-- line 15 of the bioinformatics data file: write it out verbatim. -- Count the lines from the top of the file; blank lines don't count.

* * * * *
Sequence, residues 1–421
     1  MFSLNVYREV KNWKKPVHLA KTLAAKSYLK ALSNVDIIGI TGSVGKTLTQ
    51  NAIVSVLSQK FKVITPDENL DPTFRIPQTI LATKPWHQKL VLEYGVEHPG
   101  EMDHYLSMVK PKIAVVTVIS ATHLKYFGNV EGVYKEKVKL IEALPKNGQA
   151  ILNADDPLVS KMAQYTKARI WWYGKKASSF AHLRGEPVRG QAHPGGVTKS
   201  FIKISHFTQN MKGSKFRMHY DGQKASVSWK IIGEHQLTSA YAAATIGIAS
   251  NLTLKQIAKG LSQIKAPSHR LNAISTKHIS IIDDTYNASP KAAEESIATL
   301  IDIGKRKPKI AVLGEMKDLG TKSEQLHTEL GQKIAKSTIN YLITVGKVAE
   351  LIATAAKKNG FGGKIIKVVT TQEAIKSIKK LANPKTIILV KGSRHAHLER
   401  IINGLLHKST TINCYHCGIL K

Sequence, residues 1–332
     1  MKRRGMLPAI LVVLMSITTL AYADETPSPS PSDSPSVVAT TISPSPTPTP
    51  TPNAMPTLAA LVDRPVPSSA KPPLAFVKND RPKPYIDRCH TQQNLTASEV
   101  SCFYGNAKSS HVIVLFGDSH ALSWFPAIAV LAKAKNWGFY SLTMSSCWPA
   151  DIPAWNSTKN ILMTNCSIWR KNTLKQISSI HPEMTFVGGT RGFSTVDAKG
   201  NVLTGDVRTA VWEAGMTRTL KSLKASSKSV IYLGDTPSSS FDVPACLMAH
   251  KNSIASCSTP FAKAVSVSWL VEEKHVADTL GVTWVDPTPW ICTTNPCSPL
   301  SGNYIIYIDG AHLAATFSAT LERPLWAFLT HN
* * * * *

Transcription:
   151  DIPAWNSTKN ILMTNCSIWR KNTLKQISSI HPEMTFVGGT RGFSTVDAKG